His efforts don’t just impact the current disaster – but the long term as well. Included in the list of meetings two are between Ursula von der Leyen’s cabinet and a new Gates initiative, the Pandemic Action Network, that is to design the global response to pandemics in the future on the back of experiences from the current one. Unsurprisingly, the formula brewed by his think tank is one with no consideration of the unfortunate role played by corporate greed and Big Pharma monopolies.

Against technology sharing

The allegiance to strong regimes on intellectual property rights has always been a hallmark of the software billionaire, and while that appears to be one of the implicit guidelines for his involvement in the pandemic, he was not very outspoken about it in 2020. That changed recently with an interview he gave in late April 2021 to Sky News. According to Gates, there is ‘no factory lying idle’ that could be put to work on vaccine or medicines manufacturing. Intellectual property does not stand in the way, he said. 

To so many others, including 170 former heads of state and Nobel Laureates, and 100 member states in the World Trade Organization, that is a false claim, – one directly contradicted by the head of the WHO – and a dangerous one at that. It suggests there is nothing wrong with the current global strategy, except that more money should be sent to COVAX – even when COVAX is not able to spend extra money on vaccines that are simply not available. That failure is linked to intellectual property rights, an issue that simply will not go away.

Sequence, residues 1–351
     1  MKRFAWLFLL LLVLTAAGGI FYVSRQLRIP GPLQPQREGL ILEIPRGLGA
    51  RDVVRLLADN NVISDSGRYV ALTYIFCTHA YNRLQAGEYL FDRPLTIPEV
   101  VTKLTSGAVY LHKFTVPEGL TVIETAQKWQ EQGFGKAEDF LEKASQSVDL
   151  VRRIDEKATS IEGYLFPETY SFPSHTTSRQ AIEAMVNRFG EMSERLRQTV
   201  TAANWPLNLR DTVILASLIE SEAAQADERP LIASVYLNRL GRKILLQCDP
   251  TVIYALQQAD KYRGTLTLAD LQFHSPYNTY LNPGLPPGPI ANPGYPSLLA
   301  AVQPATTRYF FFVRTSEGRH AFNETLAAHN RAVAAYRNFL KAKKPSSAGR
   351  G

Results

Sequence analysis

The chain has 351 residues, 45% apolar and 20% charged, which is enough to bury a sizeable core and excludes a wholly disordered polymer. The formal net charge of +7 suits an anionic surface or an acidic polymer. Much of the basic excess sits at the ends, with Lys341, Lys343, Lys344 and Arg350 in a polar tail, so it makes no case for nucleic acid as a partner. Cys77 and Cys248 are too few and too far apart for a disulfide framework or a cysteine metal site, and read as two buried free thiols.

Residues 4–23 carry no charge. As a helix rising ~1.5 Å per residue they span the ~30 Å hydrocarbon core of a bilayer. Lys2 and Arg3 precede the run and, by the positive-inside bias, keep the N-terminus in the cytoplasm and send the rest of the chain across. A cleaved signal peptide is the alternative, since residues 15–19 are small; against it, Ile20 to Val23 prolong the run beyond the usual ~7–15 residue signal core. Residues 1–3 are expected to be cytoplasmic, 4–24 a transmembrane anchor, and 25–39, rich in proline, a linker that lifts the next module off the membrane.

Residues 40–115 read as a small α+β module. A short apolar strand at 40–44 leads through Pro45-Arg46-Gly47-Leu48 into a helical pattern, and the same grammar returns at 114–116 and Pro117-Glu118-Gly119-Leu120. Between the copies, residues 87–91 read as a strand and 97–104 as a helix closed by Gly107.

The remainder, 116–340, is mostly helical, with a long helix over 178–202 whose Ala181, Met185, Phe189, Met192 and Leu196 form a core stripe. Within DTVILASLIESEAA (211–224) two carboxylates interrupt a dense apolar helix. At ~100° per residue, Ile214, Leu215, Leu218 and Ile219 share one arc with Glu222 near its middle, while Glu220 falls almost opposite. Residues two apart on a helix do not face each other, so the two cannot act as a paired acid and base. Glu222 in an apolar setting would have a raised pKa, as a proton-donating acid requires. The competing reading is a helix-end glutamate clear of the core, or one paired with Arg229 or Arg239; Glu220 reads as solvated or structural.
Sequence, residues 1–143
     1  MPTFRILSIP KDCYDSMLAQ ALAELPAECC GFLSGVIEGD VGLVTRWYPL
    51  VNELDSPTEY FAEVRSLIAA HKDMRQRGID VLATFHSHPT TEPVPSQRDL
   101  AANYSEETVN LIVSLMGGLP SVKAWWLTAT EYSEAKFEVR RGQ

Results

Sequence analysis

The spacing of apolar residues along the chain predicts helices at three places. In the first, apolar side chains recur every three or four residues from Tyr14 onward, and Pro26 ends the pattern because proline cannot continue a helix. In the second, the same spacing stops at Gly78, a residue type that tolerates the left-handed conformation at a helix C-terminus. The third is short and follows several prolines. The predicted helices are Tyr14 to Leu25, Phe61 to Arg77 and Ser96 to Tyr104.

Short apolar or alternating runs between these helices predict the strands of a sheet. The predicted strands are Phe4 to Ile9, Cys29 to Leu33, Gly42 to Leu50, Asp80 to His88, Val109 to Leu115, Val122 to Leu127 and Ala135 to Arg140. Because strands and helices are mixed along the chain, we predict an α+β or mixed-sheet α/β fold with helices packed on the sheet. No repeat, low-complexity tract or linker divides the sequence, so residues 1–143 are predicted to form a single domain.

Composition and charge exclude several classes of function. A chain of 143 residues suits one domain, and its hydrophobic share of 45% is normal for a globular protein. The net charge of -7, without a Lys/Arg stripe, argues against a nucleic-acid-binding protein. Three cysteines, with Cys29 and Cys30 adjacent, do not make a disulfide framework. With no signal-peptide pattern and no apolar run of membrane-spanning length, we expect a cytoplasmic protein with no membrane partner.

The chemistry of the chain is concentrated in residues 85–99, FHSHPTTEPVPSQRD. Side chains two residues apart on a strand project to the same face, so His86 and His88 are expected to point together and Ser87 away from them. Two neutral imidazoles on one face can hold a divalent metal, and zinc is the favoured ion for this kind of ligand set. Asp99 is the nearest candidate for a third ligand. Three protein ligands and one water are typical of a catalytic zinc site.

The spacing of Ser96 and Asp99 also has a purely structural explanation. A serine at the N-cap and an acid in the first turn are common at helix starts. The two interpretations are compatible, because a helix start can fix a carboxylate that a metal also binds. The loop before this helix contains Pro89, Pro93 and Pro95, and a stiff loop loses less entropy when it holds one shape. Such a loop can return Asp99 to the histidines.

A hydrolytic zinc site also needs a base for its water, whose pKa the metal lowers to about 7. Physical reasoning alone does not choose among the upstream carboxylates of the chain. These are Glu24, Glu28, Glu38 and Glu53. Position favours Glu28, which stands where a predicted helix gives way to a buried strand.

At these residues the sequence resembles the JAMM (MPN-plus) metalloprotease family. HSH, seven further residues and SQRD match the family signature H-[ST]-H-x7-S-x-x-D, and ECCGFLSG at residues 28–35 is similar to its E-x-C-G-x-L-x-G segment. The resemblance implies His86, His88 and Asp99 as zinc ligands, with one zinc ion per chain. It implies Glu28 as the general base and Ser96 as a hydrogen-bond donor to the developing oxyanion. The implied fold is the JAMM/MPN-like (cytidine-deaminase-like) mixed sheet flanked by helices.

In early May, then, Gates changed his message. According to a press release from the Foundation, he now supports "a narrow waiver" to be negotiated at the WTO. Clearly, the pressure from the announcement of Joe Biden and the following avalanche of statements from governments across the globe, calls for another kind of messaging. But in light of his key role in building a global approach that sidelined any notion of technology sharing, he is not likely to be an active, credible proponent.

The billionaire and civil society